The strike resulted in dozens of Syrian soldiers being killed
Syrian President Bashar al Assad has claimed a US airstrike that killed around 60 of his soldiers was "definitely intentional".
He said US aerial raids lasted an hour and also blamed the United States for the collapse of a ceasefire which was brokered with Russia.
America had admitted responsibility for Saturday's strike in the Deir al Zour province, but claimed it was an accident.
The US Central Command said the attack was "halted immediately" when Russia warned it could be hitting Syrian troops.
America said the intended target had been Islamic State forces in the area.
Mr Assad also rejected claims Syrian or Russian planes hit an aid convoy in Aleppo and denied his troops were preventing food from entering the rebel-held part of the city.
"If there's really a siege around the city of Aleppo, people would have been dead by now," he said, as he asked how rebels were able to smuggle in arms but apparently not food or medicine.
The US believes Monday's convoy airstrike, which killed 20 workers, was carried out by a Russian jet.
But the president said: "Whatever they say, it's just lies."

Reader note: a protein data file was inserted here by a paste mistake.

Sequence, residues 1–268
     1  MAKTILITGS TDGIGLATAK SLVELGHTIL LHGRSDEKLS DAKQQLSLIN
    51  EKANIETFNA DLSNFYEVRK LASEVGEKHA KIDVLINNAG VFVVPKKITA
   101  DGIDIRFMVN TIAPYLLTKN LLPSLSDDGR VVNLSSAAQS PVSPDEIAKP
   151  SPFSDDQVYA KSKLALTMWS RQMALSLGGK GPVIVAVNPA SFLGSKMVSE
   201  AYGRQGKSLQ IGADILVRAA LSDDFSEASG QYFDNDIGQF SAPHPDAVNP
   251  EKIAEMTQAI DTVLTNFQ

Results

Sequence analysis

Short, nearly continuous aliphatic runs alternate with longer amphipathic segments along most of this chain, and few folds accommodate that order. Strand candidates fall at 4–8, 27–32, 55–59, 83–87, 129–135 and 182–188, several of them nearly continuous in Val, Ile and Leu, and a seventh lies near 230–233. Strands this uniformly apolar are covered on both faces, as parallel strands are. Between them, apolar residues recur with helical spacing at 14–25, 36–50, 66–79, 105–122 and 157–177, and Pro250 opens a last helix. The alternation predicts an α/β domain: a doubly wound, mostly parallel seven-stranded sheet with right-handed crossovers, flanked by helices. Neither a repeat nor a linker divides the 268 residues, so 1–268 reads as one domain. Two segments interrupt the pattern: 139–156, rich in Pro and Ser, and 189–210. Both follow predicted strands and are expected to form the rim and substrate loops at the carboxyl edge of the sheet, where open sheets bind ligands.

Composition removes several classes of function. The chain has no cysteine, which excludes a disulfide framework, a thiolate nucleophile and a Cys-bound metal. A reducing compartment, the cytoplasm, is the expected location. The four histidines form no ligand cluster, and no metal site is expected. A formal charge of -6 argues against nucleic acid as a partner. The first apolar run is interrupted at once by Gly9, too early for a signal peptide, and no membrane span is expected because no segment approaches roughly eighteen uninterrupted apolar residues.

Moscow, which backs his government, has denied responsibility for the attack.
Washington supports what it calls "moderate" rebels and both say they are committed to fighting IS and al Qaeda.
In an extensive interview in Damascus, the president also predicted the five-year civil war would "drag on" due to what he claimed was continued external backing for his opponents.
And he said the US "doesn't have the will" to join Russia in fighting Islamic militants in his country.
The United Nations is re-starting aid supplies in Syria as a convoy heads to a besieged district of rural Damascus.
Aid operations were halted so security could be reviewed in the wake of Monday's deadly attack on the Red Cross convoy.
The UN is set to deliver medical supplies to the rebel-held suburb of Moadamiya in the capital and hopes to travel to Aleppo and other parts of Syria in the near future.
The developments come ahead of a meeting of the International Syria Support Group, chaired by the US and Russia and made up of about 20 countries involved in the conflict.
Key players in the civil war will resume diplomatic efforts in New York later to save the troubled ceasefire deal and plot a path towards ending the civil war.
Yesterday, the US Secretary of State John Kerry has called for aircraft to be grounded in parts of Syria so a ceasefire deal can be extended.
Mr Kerry said it was the last chance to salvage the collapsing deal and find a way "out of the carnage" but the future of the country was "hanging by a thread".